Arctic Brotherhood

Whaling Wall, Anchorage, AK

In 1981, American artist Robert Wyland set out to paint 100 murals celebrating ocean life.  The first wall, in Laguna Beach, California, was dedicated in August of that year.  Twenty seven years later, Wyland’s 100th wall was dedicated in Beijing China.

Anchorage’s Whaling Wall, officially titled “Alaska’s Marine Life”, was painted by Wyland in 1994 and was his 54th wall in the series.  The huge mural, 400 feet long and 50 feet, high, depicts whales and seals that are native to Alaska.  It’s an impressive work of art and one of Anchorage’s best known landmarks.

Whaling Wall Mural HDR Deep 1

Creek Street, Ketchikan, Alaska

When is a street not a street?  When it’s Creek Street in Ketchikan.  It’s actually a boardwalk on that follows Ketchikan Creek.  When prostitution was outlawed on the city side of Ketchikan Creek in 1903, the enterprising owners figured the way to get around the ordinance was to build a boardwalk on the opposite side of the creek.  From 1903 until 1954, Creek Street was Ketchikan’s red light district.  These days it’s a tourist stop and one of the most photographed streets in America.

This photo highlights several aspects of Creek Street and Ketchikan.  First, you can see how the street is actually a boardwalk.  Second, you can see the street’s most famous bordello, Dolly’s Place, to the right of center.  And third, you can see that Ketchikan is one of the rainiest places on Earth.  It rained the entire time we were there, but we didn’t let the rain keep us from exploring.

Creek Street

Johns Hopkins Glacier, Glacier Bay

Glacier Bay National Park and Preserve is aptly named.  There are over 1,000 glaciers in the park, the most famous of them being the 7 tidewater glaciers.  Johns Hopkins Glacier is one of the few tidewater glaciers that are actually advancing.

Johns Hopkins Glacier gets its start on the east slopes of Lituya Mountain.  Lituya Mountain was the site of two of the largest landslides in history.  In 1958 an earthquake kicked off a landslide that dropped an estimated 40 million cubic yards of rock into Lituya Bay.  The resulting tsunami measured nearly 1,700 feet high and was the largest tsunami ever recorded.

In 2012 another landslide, measuring 5.5 miles long and .5 miles wide, fell on Johns Hopkins Glacier, and was possibly the largest recorded landslide in North America.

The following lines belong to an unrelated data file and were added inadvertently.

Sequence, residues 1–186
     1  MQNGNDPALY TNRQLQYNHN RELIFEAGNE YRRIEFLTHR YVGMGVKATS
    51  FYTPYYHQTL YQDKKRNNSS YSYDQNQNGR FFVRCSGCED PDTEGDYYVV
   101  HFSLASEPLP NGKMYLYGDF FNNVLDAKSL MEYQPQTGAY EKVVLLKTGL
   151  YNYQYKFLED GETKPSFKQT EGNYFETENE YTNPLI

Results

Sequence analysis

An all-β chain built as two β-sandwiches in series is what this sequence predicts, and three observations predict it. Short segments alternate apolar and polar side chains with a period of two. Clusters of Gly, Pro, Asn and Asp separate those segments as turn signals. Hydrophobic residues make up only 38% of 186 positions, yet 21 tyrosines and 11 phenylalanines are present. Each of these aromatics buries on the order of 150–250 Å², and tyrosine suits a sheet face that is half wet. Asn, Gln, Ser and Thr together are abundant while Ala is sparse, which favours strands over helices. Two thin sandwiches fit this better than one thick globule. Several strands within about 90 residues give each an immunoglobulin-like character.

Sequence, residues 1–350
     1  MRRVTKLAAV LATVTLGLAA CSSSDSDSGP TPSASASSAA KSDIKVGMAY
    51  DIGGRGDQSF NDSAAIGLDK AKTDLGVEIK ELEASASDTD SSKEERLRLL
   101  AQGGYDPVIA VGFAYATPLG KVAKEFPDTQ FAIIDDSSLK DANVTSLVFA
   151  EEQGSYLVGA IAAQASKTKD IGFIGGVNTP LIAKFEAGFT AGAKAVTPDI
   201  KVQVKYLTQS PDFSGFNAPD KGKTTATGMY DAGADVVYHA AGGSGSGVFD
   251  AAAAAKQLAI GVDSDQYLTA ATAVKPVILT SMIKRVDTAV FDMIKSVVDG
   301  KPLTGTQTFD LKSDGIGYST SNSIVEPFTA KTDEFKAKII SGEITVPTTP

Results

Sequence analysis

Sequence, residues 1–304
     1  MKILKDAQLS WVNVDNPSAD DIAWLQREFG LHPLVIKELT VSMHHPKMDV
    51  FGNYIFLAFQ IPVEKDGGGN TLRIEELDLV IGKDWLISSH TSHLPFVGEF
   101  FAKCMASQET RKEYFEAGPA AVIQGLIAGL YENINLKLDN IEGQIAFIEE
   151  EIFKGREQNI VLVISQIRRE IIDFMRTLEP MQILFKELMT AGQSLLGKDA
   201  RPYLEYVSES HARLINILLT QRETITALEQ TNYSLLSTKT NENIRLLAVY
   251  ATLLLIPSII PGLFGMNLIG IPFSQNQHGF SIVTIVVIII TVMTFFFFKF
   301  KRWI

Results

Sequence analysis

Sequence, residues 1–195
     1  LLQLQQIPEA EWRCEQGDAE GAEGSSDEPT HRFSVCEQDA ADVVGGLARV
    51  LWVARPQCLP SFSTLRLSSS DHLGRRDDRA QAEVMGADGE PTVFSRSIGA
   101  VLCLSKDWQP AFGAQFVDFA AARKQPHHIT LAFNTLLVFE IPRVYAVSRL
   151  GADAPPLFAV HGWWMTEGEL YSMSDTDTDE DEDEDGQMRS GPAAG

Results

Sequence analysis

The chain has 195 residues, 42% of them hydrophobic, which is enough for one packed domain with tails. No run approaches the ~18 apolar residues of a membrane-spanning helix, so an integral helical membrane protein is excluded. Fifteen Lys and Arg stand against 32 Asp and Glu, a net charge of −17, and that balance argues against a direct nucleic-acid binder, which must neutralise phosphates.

I like the way the glacier seems to form a series of steps or terraces leading back  from the bay.  The weather, as usual in Glacier Bay, was overcast, so the colors are quite muted.  You do get a bit of the unique blue hue of the glacier ice in the center of the glacier.

The scale of the photo is a bit misleading.  It looks like we were quite close, but we were actual a few miles away.  Glacier Bay is a beautiful, wild place.

Johns Hopkins CFX Graduated ND

Toklat River, Denali National Park

The interior of Alaska is stunningly beautiful.  This is a photo of the Toklat River in Denali National Park.  The Toklat is a braided river, which is created by an excess of sediment.  Over time the river fills with sediment, in this case from glaciers, and the sediment creates little islands or bars that the river must work its way around.

I really like the monochromatic feel of the photograph, with grays of the mountains, the sky and the river and just a touch of green from the trees.

Tundra Tour Landscape Detail Extractor

Grizzly Bear, Denali

During our stay at Denali, we took a Tundra Wilderness Tour.  The tour lasted about seven hours and went deep into one of the wildest of our National Parks.  The views were stunning and we were fortunate enough to see a great number of animals, including this grizzly, who was just a few yards away from our bus.  He’s quite an impressive creature and doesn’t seem to be too worried about the bus that’s sitting in front of him.

Denali Grizzly

 

Alaska Wilderness

Sometimes I’m left with the feeling of awe at the beauty of nature.  Alaska’s wilderness left me feeling that way over and over.  Even now, two years later, the places that left the deepest impressions were not the tourist locations, but the natural places we saw in passing.